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Tehranis Surround Morality Police Van, Spring 'Hijab' Detainees


Iran's morality police check that the country's strict dress code is adhered to in public.

For years, Iran’s morality police have harassed women who don’t fully respect legislation requiring women to cover their hair and body in public, known as hijab laws.

Women deemed insufficiently veiled routinely get warned, detained, and sometimes fined or sentenced to jail terms.

In some of those cases, police resort to verbal and physical violence.

But on February 15, after such a vice squad in Tehran’s Narmak neighborhood detained two young women, angry Iranians attacked their police van until they were forced to release the two suspects. One of the vehicle's doors was said to have been ripped off its hinges by the crowd.

First reported on social media and later confirmed by authorities, the incident appeared to highlight public frustration with the morality police, whose officers patrol city streets to enforce strict precepts including the hijab, which became compulsory after the 1979 revolution.

Many users on social media praised those who helped release the young women, although there were also warnings against the use of violence.

"The people stood behind the girls," tweeted Maryam Abdi, adding that people need to band together to combat hijab laws.

Another Twitter, user, Assal Banoo, said, "Bravo to all those who were not indifferent and ripped off the door of the morality police. If in the past 40 years we had stood with each other in this way, our situation would have been much better."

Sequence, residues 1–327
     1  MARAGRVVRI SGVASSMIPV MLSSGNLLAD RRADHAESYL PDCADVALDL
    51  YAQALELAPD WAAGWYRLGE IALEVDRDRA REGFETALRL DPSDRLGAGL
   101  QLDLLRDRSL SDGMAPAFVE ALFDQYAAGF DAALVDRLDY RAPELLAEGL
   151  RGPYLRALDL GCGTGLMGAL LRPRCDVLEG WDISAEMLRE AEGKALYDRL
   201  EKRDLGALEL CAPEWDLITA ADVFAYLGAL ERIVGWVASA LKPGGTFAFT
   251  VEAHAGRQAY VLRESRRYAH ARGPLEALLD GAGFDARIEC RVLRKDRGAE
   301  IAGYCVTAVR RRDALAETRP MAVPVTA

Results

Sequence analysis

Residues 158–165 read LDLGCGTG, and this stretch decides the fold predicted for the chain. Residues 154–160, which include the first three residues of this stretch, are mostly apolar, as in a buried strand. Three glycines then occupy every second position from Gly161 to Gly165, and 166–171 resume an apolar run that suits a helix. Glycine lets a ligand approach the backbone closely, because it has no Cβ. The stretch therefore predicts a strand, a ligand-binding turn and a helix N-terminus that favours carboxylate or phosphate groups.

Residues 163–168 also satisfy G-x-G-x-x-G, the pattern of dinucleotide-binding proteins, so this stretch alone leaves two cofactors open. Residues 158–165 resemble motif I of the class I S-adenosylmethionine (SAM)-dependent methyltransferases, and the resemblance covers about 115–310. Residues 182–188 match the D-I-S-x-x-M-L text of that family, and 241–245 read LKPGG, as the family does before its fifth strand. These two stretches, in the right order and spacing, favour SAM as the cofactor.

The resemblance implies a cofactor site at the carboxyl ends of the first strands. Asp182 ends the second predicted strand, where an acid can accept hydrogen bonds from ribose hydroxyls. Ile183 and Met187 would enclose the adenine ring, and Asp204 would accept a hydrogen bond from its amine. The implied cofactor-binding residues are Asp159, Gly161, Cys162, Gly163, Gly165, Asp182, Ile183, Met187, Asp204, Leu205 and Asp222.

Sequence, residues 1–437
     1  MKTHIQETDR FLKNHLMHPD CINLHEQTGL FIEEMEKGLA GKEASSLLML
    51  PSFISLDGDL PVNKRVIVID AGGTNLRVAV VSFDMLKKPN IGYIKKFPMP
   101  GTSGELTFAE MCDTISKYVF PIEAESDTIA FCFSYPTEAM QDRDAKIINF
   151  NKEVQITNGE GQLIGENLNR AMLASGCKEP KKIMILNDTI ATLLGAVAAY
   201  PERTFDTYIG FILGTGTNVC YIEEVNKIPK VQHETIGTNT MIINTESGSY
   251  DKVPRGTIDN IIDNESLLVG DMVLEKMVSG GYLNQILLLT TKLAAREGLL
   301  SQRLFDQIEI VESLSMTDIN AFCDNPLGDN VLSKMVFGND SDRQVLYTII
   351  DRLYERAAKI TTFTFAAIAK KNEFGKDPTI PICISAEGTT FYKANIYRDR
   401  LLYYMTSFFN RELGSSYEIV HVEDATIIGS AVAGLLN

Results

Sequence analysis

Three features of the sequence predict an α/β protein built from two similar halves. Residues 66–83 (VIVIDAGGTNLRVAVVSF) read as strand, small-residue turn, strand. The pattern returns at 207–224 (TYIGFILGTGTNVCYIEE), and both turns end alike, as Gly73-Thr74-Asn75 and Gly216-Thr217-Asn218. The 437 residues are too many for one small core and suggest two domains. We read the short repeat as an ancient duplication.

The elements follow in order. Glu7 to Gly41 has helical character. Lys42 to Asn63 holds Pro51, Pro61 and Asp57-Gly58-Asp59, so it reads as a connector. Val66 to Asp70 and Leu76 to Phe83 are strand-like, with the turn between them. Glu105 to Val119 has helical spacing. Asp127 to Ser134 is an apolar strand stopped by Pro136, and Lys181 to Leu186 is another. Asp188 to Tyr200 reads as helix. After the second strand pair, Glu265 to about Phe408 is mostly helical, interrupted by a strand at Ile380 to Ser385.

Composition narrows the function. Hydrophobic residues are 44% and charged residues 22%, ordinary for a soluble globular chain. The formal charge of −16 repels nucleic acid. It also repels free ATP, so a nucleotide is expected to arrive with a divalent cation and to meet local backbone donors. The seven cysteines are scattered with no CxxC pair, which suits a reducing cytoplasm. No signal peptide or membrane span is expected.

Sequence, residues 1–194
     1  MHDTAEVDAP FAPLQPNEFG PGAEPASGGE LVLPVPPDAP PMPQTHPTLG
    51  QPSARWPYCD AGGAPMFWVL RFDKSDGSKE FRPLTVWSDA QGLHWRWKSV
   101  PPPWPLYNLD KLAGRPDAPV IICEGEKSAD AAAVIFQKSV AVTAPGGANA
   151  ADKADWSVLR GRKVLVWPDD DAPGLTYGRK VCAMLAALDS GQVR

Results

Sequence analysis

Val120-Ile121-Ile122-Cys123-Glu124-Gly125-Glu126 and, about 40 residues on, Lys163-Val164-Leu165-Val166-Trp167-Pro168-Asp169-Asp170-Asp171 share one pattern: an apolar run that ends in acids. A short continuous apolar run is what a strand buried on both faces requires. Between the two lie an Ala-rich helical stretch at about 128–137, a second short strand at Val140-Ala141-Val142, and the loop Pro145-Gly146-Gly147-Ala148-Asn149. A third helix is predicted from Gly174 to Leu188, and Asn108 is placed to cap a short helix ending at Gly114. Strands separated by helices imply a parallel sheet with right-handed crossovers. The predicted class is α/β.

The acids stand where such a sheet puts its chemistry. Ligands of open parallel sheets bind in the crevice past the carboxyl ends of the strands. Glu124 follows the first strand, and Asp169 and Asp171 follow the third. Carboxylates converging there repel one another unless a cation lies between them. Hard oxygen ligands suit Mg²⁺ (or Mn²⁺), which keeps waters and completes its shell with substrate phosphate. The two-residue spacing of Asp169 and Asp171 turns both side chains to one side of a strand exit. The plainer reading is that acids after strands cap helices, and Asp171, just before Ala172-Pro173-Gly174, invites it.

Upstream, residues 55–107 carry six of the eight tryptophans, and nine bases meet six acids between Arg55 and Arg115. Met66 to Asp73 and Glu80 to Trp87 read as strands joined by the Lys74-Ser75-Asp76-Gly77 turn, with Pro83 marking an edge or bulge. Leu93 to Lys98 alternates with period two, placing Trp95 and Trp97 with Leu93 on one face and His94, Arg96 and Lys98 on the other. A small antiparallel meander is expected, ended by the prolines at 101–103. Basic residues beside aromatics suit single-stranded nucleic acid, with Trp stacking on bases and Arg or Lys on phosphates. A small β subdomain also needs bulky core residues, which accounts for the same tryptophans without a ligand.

Meanwhile, Marzieh S. suggested that direct action -- in this case, damaging the police van -- might have been the only realistic option in a situation where dialogue was impossible.

“Civil disobedience is for when it is possible to have a dialogue. Can you have a reasonable talk with the officers?” she tweeted.

A widely shared video appeared to show a white van surrounded by a crowd. A woman is heard saying, "People are showing their protest by honking their horns."

A man is heard shouting, "Let her go!"

Then several shots can be heard.

The same woman says, "People defended two hijabless women. They fired shots in the air."

An unnamed police official was quoted by IRNA news agency on February 16 as saying that police on the scene had been forced to fire shots into the air to disperse the crowd, which had "disrupted" police work.

"Morality patrol police members had warned two young women who did not have proper hijab. Within a few minutes, a group of citizens gathered around to prevent the transfer of the two women [into custody]," the police official said.

He said the crowd had ripped off one of the van's doors.

"When the two women left the car, the crowd also dispersed, and the issue was over," the official said.

Over the past four decades, tens of thousands of women have been harassed and detained for not fully respecting the hijab rule.

Iranians have pushed the boundaries by wearing makeup or donning smaller scarves that reveal their hair, or by wearing shorter coats.

Over the past 15 months or so, dozens of women have removed their head scarves in public to protest the dress code, which is regarded by some as a key element of the Islamic establishment's efforts to control and discriminate against women. The hijab is seen as one of the pillars of the Islamic republic and is among its most visible symbols.

The popular news site Asr-e Iran has suggested it is time for Iran to reconsider the existence of the morality police. The site warned that the incident in Narmak could happen again and result in "bigger problems than a few hair strands or clothing of women" for the clerical establishment.

"People who are angry and tired of economic problems could take out their anger on the morality police, not because of the hijab but because of livelihood pressures," Asr-e Iran said.

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